There’s not a lot to criticize when it comes to The Americans, whose final season debuts Wednesday on FX. It’s technically brilliant and emotionally engaging with an unsurpassed attention to detail. Several critics have called it the best show on TV, and it’s hard to argue.
But, in a show featuring Soviet spies embedded in America posing as run of the mill Northern Virginia travel agents in the early 1980s, didn’t the showrunners miss a huge opportunity skipping past the Miracle on Ice?
The main narrative begins just months after the United States upset the mighty USSR hockey team at the 1980 Olympics. Philip Jennings and his American-born son, Henry, who knows nothing of his Russian heritage, are huge hockey fans. Henry wholeheartedly supports the hometown Washington Capitals. Philip has perhaps become a bit too accustomed to the American lifestyle for his wife and spy partner, Elizabeth, a true believer in Mother Russia. Daughter Paige is a normal American teenager developing a social conscience.
Seeing each family member’s reaction to the US victory could have been fascinating, particularly as hockey became a running theme throughout the series.
Philip’s story in particular has always been about how the man balances his double life. His assigned mission is to undermine America by any means necessary. Yet he’s spent most of his life living as an American himself, making friends with the people around him and coming to appreciate the capitalist lifestyle that allows him to live in upper-middle class luxury.
During Philip’s very first conversation with another Soviet agent in the pilot episode he notes the Capitals game is going to start soon and asks his fellow Directorate S agent if he follows the NHL (it’s nearly 10 pm as they wait to abduct a man on a dark Washington street corner, but the Caps are in LA to play the Kings that night; again the attention to detail is incredible).
For Philip, hockey is his bridge to two worlds. It’s one of the few things Americans and Soviets had in common at that point. It’s a way to bond with his American son in a way that doesn’t entirely betray his roots nor the cause he feels he’s supposed to believe in.
As the series goes on, hockey comes to represent a happiness that’s elusive in that line of work. In the best of times, Henry and Philip, generally the cheeriest members of the Jennings family, would discuss the previous night’s game at the breakfast table.
When tensions in the marriage that began as an elaborate cover but developed into something more real begin to boil, Philip winds up in the self help group EST and buys into the suggestion to start hitting the ice again.
Later, when their KGB handler can see diminishing returns from the overworked and overstressed couple he offers them a “vacation,” an extended period with no new missions.
Flash forward a few months later and Philip, Elizabeth and Henry are playing hockey in the driveway. Elizabeth is actually laughing, one of the rare moments of pure joy in the entire run of the show.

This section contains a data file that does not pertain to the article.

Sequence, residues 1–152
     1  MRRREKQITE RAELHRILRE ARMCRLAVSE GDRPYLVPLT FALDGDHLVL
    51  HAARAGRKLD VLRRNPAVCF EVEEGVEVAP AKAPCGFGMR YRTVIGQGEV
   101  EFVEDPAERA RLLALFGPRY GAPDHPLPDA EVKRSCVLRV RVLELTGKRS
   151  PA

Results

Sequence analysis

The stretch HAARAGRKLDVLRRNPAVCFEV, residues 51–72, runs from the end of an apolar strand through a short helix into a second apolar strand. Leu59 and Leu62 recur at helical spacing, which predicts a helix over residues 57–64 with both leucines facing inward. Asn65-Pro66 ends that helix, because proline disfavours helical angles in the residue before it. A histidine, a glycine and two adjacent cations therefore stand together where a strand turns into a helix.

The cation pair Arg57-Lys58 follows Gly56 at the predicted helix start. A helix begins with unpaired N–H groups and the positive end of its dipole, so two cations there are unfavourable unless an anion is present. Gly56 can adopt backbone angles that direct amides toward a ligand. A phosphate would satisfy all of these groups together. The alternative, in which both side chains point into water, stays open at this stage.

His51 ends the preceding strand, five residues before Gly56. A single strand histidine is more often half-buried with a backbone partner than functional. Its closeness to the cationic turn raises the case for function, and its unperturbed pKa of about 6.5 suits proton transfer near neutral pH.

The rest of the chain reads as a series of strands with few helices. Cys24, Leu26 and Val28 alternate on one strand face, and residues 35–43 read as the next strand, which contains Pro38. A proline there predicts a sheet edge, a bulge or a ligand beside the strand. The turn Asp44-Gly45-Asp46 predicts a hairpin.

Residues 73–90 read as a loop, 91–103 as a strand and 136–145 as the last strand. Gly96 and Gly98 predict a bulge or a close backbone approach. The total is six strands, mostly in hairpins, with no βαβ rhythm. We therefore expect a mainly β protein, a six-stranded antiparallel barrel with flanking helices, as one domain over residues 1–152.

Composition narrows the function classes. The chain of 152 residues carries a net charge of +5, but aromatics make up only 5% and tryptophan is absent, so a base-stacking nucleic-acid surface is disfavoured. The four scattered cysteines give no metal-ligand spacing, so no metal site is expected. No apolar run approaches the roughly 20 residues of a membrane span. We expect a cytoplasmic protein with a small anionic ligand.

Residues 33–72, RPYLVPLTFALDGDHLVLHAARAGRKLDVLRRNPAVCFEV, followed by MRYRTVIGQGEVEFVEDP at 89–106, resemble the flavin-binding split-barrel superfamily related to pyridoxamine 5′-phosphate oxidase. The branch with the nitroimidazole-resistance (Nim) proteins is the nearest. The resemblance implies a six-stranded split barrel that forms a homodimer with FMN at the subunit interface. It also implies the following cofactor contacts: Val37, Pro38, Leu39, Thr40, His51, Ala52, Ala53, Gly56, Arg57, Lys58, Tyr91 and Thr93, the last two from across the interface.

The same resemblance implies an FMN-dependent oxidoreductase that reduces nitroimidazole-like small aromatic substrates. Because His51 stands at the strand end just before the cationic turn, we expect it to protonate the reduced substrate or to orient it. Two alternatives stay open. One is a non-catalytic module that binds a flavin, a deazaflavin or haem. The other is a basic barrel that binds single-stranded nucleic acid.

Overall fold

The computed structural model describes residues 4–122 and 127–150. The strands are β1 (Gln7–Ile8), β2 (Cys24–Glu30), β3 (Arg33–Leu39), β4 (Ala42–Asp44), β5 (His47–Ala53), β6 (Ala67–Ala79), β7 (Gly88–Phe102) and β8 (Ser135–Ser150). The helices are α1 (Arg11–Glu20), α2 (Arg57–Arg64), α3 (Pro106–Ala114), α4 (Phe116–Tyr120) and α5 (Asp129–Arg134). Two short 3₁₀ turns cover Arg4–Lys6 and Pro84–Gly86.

Then Paige, still forced to deal with repercussions of her parents’ work, comes home. She’s left out of the game and the look on her face says she hasn’t been able to enjoy the familial bliss at all.
Last season, as the show began racing toward an end game, FBI agent next door Stan Beeman develops a Russian journalist as an asset. The feds marked her susceptible to American influence because she simply wants a better life for her son, but Stan and his partner are left perplexed when she finds both security and happiness in the arms of a former Soviet hockey star.
Did the KGB figure out a way to keep her in check? Could the relationship be legit? Is happiness real, or at best fleeting?
Or does it all go away with the speed of a slapshot.
* * *
I have a dream that, somehow, The Americans can have a happy ending. Philip can extricate his family from the spy life, yet quietly continue to live the normal suburban existence they’ve always appeared to.
I want the final scene of The Americans to be a flash forward, circa 2010. Philip takes the Metro to Chinatown where he meets a grown up Henry, leaving his job at FBI headquarters. They walk across the street to the arena where they see Paige and Elizabeth and the Jennings head inside to watch the Capitals play.
As the music swells a final time, Alex Ovechkin shoots and scores. The fans surrounding Philip jump to their feet while he simply smiles in wonder that one of his countrymen could be the most popular man in DC.
That won’t happen, of course. It’s hard to see how this story comes to a peaceful resolution. Even in real life we are seeing the Cold War never really ended.
But even as our diplomatic relationship with Russia is as strange and strained as ever, showrunners Joe Weisberg and Joel Fields created a program in which we see these spies as human beings, even find ourselves rooting for them.
That’s a miracle even Herb Brooks could appreciate.